Looking for the easy way out may also mean excessive cheating on your movements, such as bouncing the bar off your pecs when benching, or bringing your elbows forward when curling. Although there is a time and a place for cheating, relying on it takes stress and tension off the muscle, which is counter-productive in bodybuilding.

Find ways to increase the degree of difficulty and make movements harder, not easier. Add chains to your bench press, do negative reps, extend sets with dropsets, or decrease your rest intervals: whatever it takes to make a movement more difficult. When you substitute machine movements for free weights, do seated motions instead of standing, or otherwise look for ways to make your workout easier, you only short change yourself—and the results you see in the end.


Aspire to Inspire

Living with Hypermobility Syndrome

Instead of having muscles that are too tight, people with hypermobility syndrome are often too flexible. They are able to extend their joints and flex their muscles beyond the normal range. Although this increased range of motion can serve as an advantage in activities such as gymnastics, dancing and swimming, hypermobility can cause numerous problems, particularly with joints. The best activities for hypermobile joints help to strengthen your muscles, while the worst activities increase their flexibility.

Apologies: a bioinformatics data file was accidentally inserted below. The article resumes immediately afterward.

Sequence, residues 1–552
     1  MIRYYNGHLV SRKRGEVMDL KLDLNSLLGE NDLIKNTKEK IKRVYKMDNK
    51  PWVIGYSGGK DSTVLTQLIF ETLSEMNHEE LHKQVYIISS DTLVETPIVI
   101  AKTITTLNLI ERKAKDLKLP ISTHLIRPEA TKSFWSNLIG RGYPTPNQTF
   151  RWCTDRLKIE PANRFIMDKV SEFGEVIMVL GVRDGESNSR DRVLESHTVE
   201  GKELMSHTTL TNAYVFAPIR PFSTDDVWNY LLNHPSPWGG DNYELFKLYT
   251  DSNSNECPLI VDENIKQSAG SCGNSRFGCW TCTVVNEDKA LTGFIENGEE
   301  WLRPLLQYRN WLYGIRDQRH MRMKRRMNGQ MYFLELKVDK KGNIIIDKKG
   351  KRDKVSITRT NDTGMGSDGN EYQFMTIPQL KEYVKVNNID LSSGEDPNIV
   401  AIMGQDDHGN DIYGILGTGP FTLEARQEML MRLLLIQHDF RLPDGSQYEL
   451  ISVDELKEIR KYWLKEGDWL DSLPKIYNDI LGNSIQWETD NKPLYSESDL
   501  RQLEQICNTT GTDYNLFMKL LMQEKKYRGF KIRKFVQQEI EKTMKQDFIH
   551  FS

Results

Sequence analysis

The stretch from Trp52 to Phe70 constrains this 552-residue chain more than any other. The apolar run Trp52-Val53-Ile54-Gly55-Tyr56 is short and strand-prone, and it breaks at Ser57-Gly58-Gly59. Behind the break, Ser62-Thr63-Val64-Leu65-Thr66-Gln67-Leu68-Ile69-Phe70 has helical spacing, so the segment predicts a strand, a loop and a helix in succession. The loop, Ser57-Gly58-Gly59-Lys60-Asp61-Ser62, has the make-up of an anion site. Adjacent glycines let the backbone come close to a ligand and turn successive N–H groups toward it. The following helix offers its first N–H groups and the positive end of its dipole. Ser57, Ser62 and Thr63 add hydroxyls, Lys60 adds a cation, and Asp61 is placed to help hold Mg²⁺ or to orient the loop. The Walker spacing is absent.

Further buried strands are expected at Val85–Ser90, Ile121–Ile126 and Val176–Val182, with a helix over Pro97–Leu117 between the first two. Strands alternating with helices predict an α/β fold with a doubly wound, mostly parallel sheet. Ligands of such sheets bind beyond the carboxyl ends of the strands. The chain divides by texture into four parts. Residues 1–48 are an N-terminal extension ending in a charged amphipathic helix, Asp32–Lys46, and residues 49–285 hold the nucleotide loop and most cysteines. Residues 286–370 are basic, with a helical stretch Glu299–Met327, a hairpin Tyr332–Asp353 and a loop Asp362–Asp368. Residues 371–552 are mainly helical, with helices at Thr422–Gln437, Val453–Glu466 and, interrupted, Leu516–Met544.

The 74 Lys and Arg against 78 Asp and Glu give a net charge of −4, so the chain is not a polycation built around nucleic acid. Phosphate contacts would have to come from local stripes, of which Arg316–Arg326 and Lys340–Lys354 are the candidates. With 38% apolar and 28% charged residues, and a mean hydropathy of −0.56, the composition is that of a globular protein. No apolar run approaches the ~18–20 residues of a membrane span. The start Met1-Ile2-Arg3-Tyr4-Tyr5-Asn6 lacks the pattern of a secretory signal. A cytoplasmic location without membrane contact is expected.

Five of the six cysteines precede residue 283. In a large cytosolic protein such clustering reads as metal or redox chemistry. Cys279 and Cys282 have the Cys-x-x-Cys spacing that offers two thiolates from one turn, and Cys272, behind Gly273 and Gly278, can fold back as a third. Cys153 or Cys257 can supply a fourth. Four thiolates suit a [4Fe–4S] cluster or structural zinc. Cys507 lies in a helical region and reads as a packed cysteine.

Hypermobility syndrome is characterized by excessive joint motion and joint instability. Normally, muscles and ligaments help ensure joint stability. When those tissues are too lax, their ability to stabilize joints is compromised. Loose muscles and ligaments allow for more wear and tear on the joints than normal. This can contribute to the development of osteoarthritis, the most prevalent form of arthritis.